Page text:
Bangladesh has to look beyond average development indicators in light of SDGs and its long-term vision for smooth and sustainable LDC graduation with momentum, the Centre for Policy Dialogue (CPD) said on Thursday.
“Inequalities lie in average development indicators. So, the country has to go beyond the average development figures for sake of inclusive and sustainable graduation from LDC group,” CPD’s Distinguished Fellow Prof Mustafizur Rahman said at a discussion.The independent think tank held a discussion on ‘Moving out from the LDC group: Strategies for graduation with momentum’ in a bid to put forward a set of suggestions to facilitate Bangladesh’s formal exit from LDC group in 2026.
Graduation criteria like HAI and EVI and associated sub-indices do not include many key elements of competitiveness which will be required for sustainable graduation, Prof Rahman said.
“For example, it includes literacy rate and school enrolment but does not include structural impediments like human resource quality and skills level of the labour force,” he explained.
CPD said impacts of LDC graduation will be felt in four areas. Market access one-sided dealings with trade partners and policy freedom will shrink while the government has to strictly address compliance issues.
Citing WTO secretariat estimates, it said almost 90 per cent of all export losses of 12 graduating LDCs will be on account of Bangladesh.
Bangladesh's export loss may equivalent to about 14.3 per cent of its global export as its 70 per cent exports enjoy the market privilege.A transition from preferential market access-driven competitive strengths to productivity and skills-driven competitive strengths will be required for being competitive after graduation, CPD suggests.
The graduation will end the era of non-reciprocal trade dealings with external partners and Bangladesh has to increase its negotiation capacity to retain or get more trade benefits.
Local exporters can raise their price competitiveness through a reduction in the cost of production where the government can help with the exchange rate and improving the business climate.
Prof Mustafizur Rahman said Bangladesh has to go for economic partnership agreement, bilaterally or as a group, with some countries like Canada, China, India and Japan.
He gave the example of Samoa that managed to get preferential trade facilities from China after LDC graduation.
Besides, the government has to play a very proactive role in the upcoming inter-ministerial meeting of WTO to retain some trade benefits, especially for the continuation of TRIPS for the local pharmaceutical industry, export credit subsidy.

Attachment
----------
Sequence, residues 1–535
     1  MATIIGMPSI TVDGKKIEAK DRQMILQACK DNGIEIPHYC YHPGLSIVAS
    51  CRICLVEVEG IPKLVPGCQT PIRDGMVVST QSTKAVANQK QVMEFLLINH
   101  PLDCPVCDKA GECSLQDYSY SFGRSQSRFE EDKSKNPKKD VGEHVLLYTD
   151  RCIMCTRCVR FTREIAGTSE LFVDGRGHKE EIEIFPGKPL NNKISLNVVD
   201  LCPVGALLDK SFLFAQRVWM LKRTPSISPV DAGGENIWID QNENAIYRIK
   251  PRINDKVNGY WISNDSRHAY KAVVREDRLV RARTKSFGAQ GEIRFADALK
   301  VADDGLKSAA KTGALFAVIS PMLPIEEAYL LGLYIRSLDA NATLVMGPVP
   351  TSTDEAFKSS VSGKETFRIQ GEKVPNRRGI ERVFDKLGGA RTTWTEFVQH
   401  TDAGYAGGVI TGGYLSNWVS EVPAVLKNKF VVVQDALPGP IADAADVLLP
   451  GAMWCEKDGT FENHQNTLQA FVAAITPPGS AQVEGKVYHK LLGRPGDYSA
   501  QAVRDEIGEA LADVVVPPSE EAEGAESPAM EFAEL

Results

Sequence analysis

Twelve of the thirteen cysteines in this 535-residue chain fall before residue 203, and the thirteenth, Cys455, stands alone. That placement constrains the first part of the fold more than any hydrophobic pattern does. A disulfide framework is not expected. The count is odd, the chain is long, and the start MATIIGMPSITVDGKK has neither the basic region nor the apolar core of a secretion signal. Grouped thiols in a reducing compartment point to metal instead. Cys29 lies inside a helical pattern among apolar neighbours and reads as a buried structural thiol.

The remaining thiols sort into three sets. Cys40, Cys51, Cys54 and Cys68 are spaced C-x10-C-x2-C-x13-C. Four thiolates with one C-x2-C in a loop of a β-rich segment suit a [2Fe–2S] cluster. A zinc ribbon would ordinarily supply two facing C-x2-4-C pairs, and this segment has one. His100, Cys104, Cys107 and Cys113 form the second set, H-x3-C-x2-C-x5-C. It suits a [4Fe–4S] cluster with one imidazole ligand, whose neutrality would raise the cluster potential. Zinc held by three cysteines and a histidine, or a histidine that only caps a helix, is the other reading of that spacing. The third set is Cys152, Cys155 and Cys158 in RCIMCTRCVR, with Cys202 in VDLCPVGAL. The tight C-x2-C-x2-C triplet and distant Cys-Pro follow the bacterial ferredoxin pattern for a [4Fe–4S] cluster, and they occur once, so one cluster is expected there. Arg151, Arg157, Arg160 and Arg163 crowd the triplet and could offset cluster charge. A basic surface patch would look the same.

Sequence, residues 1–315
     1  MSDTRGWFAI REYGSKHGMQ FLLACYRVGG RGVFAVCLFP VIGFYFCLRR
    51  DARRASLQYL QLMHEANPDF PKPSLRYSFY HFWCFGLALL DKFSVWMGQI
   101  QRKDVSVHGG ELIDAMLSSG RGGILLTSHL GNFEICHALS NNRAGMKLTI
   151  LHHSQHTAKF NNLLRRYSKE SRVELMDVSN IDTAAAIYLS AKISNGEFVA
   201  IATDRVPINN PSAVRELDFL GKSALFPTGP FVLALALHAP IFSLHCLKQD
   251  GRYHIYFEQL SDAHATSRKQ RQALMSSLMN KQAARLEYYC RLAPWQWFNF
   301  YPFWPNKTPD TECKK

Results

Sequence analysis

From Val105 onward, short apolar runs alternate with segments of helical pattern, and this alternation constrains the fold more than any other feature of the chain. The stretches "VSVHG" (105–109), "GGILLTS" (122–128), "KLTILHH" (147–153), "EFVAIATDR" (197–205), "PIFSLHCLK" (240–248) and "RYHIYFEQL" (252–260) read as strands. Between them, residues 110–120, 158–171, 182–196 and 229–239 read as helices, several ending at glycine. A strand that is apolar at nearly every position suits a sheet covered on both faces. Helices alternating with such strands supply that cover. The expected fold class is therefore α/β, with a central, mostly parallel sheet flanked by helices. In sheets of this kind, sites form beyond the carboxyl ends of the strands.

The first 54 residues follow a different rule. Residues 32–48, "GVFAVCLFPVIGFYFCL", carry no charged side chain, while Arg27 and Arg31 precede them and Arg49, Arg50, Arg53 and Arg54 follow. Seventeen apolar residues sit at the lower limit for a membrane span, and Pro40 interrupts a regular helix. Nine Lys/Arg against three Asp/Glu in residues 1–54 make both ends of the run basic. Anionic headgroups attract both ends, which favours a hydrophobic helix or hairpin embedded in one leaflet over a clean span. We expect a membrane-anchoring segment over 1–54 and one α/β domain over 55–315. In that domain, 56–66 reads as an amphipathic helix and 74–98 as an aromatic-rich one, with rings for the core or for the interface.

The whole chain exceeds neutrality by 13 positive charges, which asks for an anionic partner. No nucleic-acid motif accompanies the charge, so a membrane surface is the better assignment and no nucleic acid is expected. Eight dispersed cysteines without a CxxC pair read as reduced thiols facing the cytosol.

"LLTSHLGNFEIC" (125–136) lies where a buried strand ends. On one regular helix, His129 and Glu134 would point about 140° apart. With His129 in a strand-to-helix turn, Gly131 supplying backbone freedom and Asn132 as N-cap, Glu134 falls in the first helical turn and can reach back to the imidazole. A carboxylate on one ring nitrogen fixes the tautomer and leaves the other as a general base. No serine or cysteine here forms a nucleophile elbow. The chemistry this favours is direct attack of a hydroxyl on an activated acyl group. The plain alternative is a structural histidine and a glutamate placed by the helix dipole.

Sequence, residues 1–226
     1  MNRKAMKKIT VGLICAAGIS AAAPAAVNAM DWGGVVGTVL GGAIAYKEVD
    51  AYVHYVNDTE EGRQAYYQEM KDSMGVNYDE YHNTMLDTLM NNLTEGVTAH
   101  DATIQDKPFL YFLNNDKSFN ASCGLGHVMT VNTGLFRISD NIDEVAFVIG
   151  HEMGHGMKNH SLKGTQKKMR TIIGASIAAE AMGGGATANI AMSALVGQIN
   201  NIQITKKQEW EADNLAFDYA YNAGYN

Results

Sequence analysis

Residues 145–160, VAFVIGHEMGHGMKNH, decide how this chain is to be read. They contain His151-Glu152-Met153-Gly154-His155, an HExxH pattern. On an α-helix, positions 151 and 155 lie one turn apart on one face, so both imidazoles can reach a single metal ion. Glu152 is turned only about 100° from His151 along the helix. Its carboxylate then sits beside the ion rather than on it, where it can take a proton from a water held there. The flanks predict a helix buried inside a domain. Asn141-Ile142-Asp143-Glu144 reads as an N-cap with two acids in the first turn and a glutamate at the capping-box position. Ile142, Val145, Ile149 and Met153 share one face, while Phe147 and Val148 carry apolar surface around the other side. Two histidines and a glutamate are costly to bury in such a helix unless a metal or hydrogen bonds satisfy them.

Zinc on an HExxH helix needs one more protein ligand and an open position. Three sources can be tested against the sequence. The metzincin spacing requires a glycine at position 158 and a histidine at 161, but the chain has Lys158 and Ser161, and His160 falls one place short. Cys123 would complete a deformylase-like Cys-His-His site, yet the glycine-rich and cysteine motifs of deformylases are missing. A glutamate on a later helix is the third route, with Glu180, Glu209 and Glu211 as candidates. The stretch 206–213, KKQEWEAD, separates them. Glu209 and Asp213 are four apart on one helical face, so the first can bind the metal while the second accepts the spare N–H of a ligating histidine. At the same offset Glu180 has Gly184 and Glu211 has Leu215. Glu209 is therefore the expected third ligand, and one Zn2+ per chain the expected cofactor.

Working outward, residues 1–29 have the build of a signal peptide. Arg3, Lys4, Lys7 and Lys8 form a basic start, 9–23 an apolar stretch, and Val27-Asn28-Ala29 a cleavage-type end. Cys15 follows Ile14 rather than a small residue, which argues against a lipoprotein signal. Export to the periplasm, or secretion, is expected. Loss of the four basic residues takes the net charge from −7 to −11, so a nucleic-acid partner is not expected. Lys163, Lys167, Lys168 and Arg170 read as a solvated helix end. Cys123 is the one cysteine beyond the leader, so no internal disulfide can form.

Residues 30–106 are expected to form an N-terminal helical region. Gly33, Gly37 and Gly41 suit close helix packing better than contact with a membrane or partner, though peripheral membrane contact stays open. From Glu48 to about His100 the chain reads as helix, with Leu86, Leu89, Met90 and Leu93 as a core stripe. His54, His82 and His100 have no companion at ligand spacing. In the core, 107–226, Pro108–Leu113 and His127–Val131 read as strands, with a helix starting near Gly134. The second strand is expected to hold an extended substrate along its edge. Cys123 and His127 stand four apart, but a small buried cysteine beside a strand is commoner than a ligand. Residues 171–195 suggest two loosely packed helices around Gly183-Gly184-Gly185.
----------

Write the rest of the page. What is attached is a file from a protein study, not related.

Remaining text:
“Bangladesh has to give a fight in November’s WTO’s minister-level meeting in Geneva to create a package for the LDC graduating countries,” Prof Rahman pointed out.
State Minister for Foreign Affairs Shahriar Alam said the UN CDP’s recommendation for LDC graduation is an outcome of government efforts for many years. He said the present government has heavily invested in human development.
He added that the country’s competitiveness will increase once the ongoing mega projects are complete.
The government has given utmost priority to market, industry and export diversification, improving technology, skills and infrastructure, he said, adding that the 8th five-year plan has also set specific strategies for LDC graduation.
Noted economist Prof Rehman Sobhan repented that the issues of diversification, improving technology and skills are on the discussion table for the last 15 years but little has been done to address those.
He also repented that the Active Pharmaceutical Ingredient (API) project has been limping for over 12 years, which is not a good sign for the thriving pharmaceutical industry.
Apparel sector leaders like former BTMA president Matin Chowdhury and BGMEA president Rubana Huq called for generously allowing FDI in the apparel sector to pull in investment in man-made fibre making textile industries.
Rubana also called for carrying out an international campaign so that Bangladeshi apparels are not treated as very cheap clothes and their price increase globally.
Standard Chartered Bank CEO Naser Ezaz suggested that structures of incentives should be changed as the apparel buyers consider these while negotiating apparel price with local suppliers.
The Country Director of the International Labour Organization (ILO) emphasized improving education quality and skills of local youth for capitalizing on the demographic dividend.
He also stressed firing up EPZs and special economic zones alongside expanding social protection to offset the graduation shocks.
Lawmaker Kazi Nabil Ahmed observed that Bangladesh’s growth is to a large extent inclusive as its development was not resource led.
He also suggested opening up FDI and aligning LDC graduation challenges with SDGs implementation process.